Dashlane is also keen to point out that it doesn’t trade user data for profit. In fact, it can’t. The technology has been designed so no one at Dashlane can see any of the information it stores.
Dashlane has a well-organized and easy to navigate support page that we were able to access through both the web app and Chrome extension. It has a prominent search bar top and center to look for content, and also plenty of predone articles, including “Buying and using a premium family plan,” “How to update Dashlane,” and “Using Dashlane to autofill passwords with iOS” to solve common scenarios encountered.
FAQs are comprehensive and arranged into categories such as Account & Security, Passwords & Data, and Platforms & Browsers.
Live chat support is available in English between 9 am and 6 pm EST, Monday to Friday, while out of hours, it's possible to consult the chatbot and contact the support team via email. We tested all options and were impressed with each of them, as there was no queue on the live chat and our request was dealt with quickly and professionally. The automated bot provided us with relevant resources, and our email was replied to promptly and included information on when and how to contact the live support staff.
The lacking support options are a direct phone number. We did not find any way to “Reach out and touch someone” via phone, toll free nor fax unfortunately which is a miss on a paid subscription offering.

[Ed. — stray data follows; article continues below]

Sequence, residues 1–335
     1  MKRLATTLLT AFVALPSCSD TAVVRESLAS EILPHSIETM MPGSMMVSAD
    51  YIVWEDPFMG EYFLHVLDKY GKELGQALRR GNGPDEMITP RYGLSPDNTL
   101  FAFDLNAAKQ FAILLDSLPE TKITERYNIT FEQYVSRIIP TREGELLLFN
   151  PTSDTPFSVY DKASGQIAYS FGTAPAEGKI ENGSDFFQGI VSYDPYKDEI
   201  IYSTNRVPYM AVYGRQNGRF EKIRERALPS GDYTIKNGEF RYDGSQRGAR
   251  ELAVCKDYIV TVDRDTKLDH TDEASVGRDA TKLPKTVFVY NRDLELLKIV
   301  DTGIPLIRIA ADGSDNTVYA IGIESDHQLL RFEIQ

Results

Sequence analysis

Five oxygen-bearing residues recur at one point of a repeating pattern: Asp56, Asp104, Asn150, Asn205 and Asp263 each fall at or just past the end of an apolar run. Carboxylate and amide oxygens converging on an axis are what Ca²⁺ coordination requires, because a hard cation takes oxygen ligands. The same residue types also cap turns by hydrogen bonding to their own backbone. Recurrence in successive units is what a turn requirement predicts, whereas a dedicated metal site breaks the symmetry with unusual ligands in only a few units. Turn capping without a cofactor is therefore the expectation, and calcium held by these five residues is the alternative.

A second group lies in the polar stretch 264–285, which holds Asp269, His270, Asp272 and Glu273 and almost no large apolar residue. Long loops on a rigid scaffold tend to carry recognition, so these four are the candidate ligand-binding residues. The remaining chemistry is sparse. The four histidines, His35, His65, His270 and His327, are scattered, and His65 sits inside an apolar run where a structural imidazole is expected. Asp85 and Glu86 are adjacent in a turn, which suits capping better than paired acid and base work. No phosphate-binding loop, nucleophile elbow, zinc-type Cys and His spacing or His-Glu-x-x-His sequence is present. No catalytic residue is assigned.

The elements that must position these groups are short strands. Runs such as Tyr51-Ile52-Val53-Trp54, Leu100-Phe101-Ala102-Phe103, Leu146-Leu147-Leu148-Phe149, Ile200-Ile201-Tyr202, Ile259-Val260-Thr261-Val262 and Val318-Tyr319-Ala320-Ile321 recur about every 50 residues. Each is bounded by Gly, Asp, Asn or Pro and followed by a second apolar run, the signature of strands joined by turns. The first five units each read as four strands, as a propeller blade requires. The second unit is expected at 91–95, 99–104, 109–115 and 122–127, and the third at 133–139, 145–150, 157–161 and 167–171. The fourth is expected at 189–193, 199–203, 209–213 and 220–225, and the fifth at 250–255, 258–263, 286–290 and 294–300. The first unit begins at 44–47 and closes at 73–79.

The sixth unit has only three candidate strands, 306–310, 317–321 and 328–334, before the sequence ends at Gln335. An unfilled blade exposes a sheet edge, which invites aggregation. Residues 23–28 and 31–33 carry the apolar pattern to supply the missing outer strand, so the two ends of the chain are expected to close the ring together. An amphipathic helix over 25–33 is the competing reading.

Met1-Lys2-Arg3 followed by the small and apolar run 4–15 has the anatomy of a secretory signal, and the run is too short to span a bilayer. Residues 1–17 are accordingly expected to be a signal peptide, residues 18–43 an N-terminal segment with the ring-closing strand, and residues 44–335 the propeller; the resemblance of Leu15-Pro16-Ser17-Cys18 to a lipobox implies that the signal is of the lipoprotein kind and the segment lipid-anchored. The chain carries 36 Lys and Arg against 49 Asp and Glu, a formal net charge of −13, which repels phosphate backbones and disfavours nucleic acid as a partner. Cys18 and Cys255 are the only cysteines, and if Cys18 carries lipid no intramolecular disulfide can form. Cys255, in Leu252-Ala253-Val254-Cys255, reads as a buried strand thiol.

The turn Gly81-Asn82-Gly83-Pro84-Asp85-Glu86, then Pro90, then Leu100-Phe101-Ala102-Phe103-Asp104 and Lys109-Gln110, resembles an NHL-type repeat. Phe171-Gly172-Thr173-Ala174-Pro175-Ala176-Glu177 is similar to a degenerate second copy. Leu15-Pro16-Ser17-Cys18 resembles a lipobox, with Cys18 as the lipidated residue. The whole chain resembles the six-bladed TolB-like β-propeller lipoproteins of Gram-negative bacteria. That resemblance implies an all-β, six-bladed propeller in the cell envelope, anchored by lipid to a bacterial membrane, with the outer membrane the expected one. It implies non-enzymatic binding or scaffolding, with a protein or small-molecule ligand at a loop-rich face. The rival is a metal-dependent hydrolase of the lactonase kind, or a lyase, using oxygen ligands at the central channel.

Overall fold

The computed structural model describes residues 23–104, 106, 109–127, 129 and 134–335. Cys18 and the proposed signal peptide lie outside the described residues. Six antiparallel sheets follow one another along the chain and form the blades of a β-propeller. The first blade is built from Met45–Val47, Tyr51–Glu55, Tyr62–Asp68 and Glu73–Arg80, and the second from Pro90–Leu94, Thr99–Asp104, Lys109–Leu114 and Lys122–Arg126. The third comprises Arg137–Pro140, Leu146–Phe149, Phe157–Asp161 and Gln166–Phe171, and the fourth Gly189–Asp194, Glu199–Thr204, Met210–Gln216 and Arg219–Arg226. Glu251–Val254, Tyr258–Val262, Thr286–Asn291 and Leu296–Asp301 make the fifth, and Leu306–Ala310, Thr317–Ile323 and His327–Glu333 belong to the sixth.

Plans and pricing
For individual users, there is a free tiered option, but it only stores up to 50 passwords on a single device. This is a pretty meager plan that only the most basic users will find to be sufficient, and other free tiers are not so limited on the number of passwords and also devices. For most personal users, and for businesses, a paid plan is sure to be essential.
Dashlane Premium is for individuals, costs $6.49 per month on a monthly basis, and, also a discount is available when billed annually which works out to $4.99/month. On top of unlimited passwords and devices, the plan also includes some of Dashlane’s more outstanding features, like an built-in VPN, 1 GB of encrypted file storage, and Dark Web monitoring.
Also, there is the Dashlane Family plan, that covers six separate Premium plans all for one price. At $8.99 per month ($7.49/month when paid annually), it includes all the benefits of Premium such as a Password Changer, unlimited devices and passwords, and the VPN for Wi-Fi protection.
At the business side, Dashlane Team enables companies to manage separate workspaces and monitor security through an Admin Console and costs $5.00 per user per month, billed annually. There is also the Dashlane Business plan that goes up to $8.00/user per month, and adds SAML-based single sign-on (SSO), along with the bonus of a free family plan with each subscription.
Dashlane’s biggest competitor is LastPass, which is consistently voted among the best password managers on the market.
Dashlane has, in our opinion, a cleaner, more user-friendly interface, but LastPass wins on value for money. Its free version is only slightly different from its paid one and enables users to input an unlimited number of passwords. Thus, it could be a better option for users unconcerned by the extra features Dashlane offers.
KeePass is Dashlane’s closest competitor in regards to security. The company sells its service on its security merits, but, unlike Dashlane, this advanced security comes at the expense of convenience. Another strong competitor is Solarwinds Passportal which is a business password manager.
It’s hard to find fault with Dashlane. The simplicity of its interface means even first-time users can benefit from the advanced password management services and security it offers. Our only real criticisms are the price of its paid plans—particularly Dashlane Business, which at $5.00 per user per month is a considerable sum—and the 50 password limit in the free version.